Even visiting a gas station in a new city and checking out the different sodas and candy bars can be fun.  In French they have a good word for it: dépaysant.  But it is hard to translate accurately: exotic, disorienting, don't seem right. The best translation I have seen is the idea of a change of scenery. It's amazing to me to see how, each time, a change of place can generate a change in your mind.

So in this year of limited travel, a change of scene was sorely needed. When I wasn't worrying about this that or the other, I truly enjoyed the landscapes and prairies of wildflowers.  We walked more than we usually do so and doing that with a toddler in a backpack carrier or pushing him uphill or down steep paths in a stroller was rather physical (the husband helped on this, too, of course).  So I may have had a nice mental break but physically I felt tired after this trip and am still catching up on sleep!

And as the wanderlust never truly leaves me, I am already thinking of daytrips and bigger trips in our future!  If 2020 has taught us one thing it's that our health is so valuable and we never know what life has in store for us.  So travel when and if you can and no matter what try and enjoy each day!


Sunday, June 28, 2020

Why I love Young Sheldon (and you should, too!)

I have a confession to make.  It might make some of you gasp or un-friend me on Facebook.  I have never been a big fan of (hiding head in shame...) The Big Bang Theory.  I know!  You can't believe it.  The concept is one I should dig, being something of a nerd myself.  But I could never get past the canned laughter and some of the running jokes have run their course for me.  (Feel free to argue with me in the comments!).  Of all the characters on that show, Sheldon is probably my favorite though.

But Young Sheldon is a whole different universe and one my family and I gladly dip into each week.  They have smartly ditched the canned laughter and traded university and apartment for a ranch-style house in East Texas.  The show has planted us firmly in the late 80s when Sheldon, just ten, has skipped enough grades to start high school.


There are just so many things to love about this show, so I'll make a list:

1. Each episode is well-written and sometimes downright poignant.  They pack a lot into their 22ish minutes without superfluous moments.  The episode where the mom is pregnant (SPOILER ALERT....) and then she miscarries, doesn't go into the maudlin but captures the pain of the parents with respect and tenderness. There is humor without being slapstick (what I don't like so much in their parent series, The Big Bang Theory).  They don't bang you over the head with their message.  It's kid-friendly too even if they touch on mature subjects sometimes.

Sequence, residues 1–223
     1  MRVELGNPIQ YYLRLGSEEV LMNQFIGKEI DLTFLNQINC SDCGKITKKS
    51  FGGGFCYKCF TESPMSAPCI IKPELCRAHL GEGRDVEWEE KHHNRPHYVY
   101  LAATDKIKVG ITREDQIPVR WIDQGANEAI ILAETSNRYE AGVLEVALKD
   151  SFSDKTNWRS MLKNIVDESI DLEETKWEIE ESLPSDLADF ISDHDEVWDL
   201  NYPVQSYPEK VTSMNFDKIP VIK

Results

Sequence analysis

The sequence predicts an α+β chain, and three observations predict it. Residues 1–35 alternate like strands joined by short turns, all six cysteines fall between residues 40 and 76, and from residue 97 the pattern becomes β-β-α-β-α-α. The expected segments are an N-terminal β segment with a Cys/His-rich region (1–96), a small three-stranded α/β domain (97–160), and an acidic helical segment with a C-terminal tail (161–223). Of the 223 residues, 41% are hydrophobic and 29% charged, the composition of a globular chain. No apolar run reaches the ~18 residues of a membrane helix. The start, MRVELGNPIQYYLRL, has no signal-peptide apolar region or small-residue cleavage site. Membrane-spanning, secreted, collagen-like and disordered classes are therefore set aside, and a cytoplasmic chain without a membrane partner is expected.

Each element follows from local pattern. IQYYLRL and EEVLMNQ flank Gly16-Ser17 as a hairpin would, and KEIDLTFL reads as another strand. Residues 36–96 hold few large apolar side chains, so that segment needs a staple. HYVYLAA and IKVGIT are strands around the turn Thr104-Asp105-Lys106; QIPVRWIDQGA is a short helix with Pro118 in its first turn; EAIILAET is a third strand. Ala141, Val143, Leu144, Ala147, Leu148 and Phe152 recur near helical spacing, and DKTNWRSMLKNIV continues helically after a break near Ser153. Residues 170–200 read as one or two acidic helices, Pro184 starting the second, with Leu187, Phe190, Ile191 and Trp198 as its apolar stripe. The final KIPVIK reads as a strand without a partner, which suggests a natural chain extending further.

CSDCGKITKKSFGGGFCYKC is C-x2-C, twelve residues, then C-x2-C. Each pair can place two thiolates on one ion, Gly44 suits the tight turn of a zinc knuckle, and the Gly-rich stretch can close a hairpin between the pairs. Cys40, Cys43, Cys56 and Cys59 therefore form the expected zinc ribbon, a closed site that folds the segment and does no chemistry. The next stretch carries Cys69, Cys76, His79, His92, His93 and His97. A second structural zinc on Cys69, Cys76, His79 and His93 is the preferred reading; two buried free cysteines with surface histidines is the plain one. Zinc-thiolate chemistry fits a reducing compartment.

2. It's a trip down the 80s nostalgia lane.  If you were a child of the 80s you will find at least one cultural reference you know.  The daughter Missy is into Cabbage Patch Dolls and Cyndi Lauper.  They talk about Alf and Carl Sagan.  The episode where the dad couldn't figure out how to turn on the washer (which is practically the same 80s type my mom still has!) just tickled me to death ("It's a button you PULL!").  And frankly it's refreshing to go back into a world where cell phones and even cordless phones didn't exist. 

3. The characters are flawed but loveable. It took me a while to warm up to the older son's character on the show but as the series goes on I start to understand him more- the kid who isn't really made for school but loves mechanics and girls.  The dad could literally pass for any middle-aged good ole boy but he is deeper than that and loves and supports his family fiercely.

The mom is golden with her soft Texas accent and her eternal struggle to do good for her family and be a good Baptist (she made a deal with God when her daughter almost died at birth).  Despite her 80s hairstyle and wardrobe she could easily be a modern mom, juggling work and home. 

Sheldon and his sister Missy are spitfires in totally different ways.  The star of the show, Sheldon, is smarter than his teachers but often clueless about everyday life.  Missy is Southern sassy and doesn't let her twin brother's attention-hogging intelligence get to her.

And then there is Mee-Maw, probably our favorite (because Juliette loves this show, too!).  Annie Potts is perfect as the I-don't-give-a-damn young widowed grandma.  She lives across the street from Sheldon's family and is the kind of grandmother who spoils the kids silly and pops open a beer and goes bowling with her buddies.  My great-grandmother was also known as Mee-Maw. 


5. But what I think I love the most is that it takes place in the South.  I have never had a strong Southern accent but when I watch this show, it's like mine starts coming back with a vengeance!  I don't know if all the actors are indeed Southern but they do a damn fine job with their accents.  I have family in Eastern/Middle Texas so I know this area.  One evening Juliette wanted to pretend we were Sheldon't family at dinner and she was amazed at how much I could channel his mom's accent! Well, I am from the South, I told her proudly!